The COVID-19 pandemic occasionally directed Canadian and worldwide attention to misleading and baseless claims that certain vitamins and drugs designed for other purposes could prevent or cure COVID-19. Former U.S. President Donald Trump’s repeated promotion of the antimalarial agent hydroxychloroquine and the cringe-worthy recommendation to inject bleach intravenously topped the list of bogus COVID-19 countermeasures. Both are bad, bad ideas—the first according to a recent Cochrane systematic review of the literature, the second according to the World Health Organization (WHO) and Chemistry 101.
But, the truth is, misinformation and misdirection are the stock-and-trade of so much commercial advertising. Diplomatically known as sales puffery and various hues of whitewashing, commercial dishonesty is illegal, plain and simple. At best, advertising does not acknowledge product defects unless expressly required by law and, even then, disclaimers often do little to quell expectations raised by the main pitch.
Deceptive advertising hurts the financial and sometimes physical well-being of consumers, and unfairly hurts the commercial interests of honest companies that play by the rules. According to the WHO and the Seattle-based Institute for Health Metrics and Evalaution’s estimates for Canada, nearly half of all deaths in Canada and worldwide are attributable to health-eroding consumption of marketed products, especially food, tobacco, alcohol, pollution-emitting products, and breastmilk substitutes.
Companies are financially motivated and even legally duty-bound to shareholders to vigorously promote their products and services. Theoretically, this must be done within the limits of the law; courts have long recognized common law torts of deception and negligent misrepresentation, fraud, and companies’ duty to warn prospective customers about health risks. The federal Competition Act, the Food and Drugs Act, and some provincial legislation, like Ontario’s Consumer Protection Act prohibit misleading and deceptive representations about goods and services. As of June 2022, the federal Competition Act authorized fines for corporations as high as the greater of:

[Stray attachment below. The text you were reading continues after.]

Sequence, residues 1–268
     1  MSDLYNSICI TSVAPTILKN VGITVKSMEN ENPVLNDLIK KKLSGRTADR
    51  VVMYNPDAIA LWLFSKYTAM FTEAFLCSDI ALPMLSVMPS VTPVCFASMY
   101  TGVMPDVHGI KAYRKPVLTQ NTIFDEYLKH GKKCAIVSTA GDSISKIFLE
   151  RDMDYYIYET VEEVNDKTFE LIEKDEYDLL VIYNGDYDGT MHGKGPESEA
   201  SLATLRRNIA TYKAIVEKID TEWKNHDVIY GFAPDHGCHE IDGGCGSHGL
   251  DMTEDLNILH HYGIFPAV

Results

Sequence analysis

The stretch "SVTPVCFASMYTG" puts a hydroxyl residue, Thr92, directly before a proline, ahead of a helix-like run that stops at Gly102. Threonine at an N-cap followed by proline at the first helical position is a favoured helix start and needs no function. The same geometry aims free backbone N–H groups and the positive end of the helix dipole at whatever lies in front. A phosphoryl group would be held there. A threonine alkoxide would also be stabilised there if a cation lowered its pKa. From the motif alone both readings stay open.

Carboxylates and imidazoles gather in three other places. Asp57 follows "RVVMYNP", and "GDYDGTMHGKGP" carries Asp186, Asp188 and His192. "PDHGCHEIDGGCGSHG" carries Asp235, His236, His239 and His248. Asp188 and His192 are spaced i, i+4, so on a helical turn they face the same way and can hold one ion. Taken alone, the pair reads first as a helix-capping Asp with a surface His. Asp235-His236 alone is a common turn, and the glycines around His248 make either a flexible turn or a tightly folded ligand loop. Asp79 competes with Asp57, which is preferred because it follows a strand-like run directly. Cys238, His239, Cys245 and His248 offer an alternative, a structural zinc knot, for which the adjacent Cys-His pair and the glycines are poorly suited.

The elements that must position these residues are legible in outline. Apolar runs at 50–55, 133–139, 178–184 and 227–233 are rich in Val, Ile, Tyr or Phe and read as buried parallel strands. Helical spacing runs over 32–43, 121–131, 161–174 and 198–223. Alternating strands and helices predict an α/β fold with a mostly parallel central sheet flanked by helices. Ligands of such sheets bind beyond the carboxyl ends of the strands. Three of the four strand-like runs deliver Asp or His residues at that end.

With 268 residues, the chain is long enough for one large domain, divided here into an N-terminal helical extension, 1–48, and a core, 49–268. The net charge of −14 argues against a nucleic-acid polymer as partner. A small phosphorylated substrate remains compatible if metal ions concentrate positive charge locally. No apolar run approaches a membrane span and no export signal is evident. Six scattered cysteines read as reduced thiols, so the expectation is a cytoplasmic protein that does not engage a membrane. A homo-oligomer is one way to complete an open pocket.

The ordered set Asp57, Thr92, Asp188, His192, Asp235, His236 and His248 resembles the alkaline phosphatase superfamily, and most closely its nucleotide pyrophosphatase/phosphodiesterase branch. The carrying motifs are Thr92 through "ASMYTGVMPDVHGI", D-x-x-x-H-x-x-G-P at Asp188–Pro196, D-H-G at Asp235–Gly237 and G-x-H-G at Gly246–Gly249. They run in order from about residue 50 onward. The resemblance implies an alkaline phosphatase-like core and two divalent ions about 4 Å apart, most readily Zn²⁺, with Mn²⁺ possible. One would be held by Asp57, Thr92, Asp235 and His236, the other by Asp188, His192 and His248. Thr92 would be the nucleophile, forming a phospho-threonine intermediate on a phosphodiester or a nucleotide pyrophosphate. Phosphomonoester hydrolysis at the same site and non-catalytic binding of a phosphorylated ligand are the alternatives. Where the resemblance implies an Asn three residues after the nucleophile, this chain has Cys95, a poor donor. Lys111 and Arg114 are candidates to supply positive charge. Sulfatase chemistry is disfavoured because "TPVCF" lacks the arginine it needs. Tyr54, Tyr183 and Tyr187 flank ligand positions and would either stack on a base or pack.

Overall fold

$10 million (or $15 million for each subsequent violation); and
triple the value of the benefit obtained from the deceptive conduct. If that amount cannot be reasonably determined, the maximum penalty will be 3% of the company’s annual worldwide gross revenues.
The threat of disgorging profits could really incentivize companies to be truthful, especially if there is a high likelihood of successful prosecution every time. However, a number of barriers impede this outcome.
First, enforcement generally depends on consumers making formal complaints, regulators prosecuting, and courts imposing fines—a process that typically takes much longer (years) than the duration of typical ad campaigns. This process also requires defendants with deep enough pockets to hire a lawyer, go to court, and risk losing and even paying some of the company’s legal fees. This is a much-ballyhooed and little-remedied problem in the legal system limiting regular participation to public servants with secure incomes or private firms that are financially well-served by commercial clients.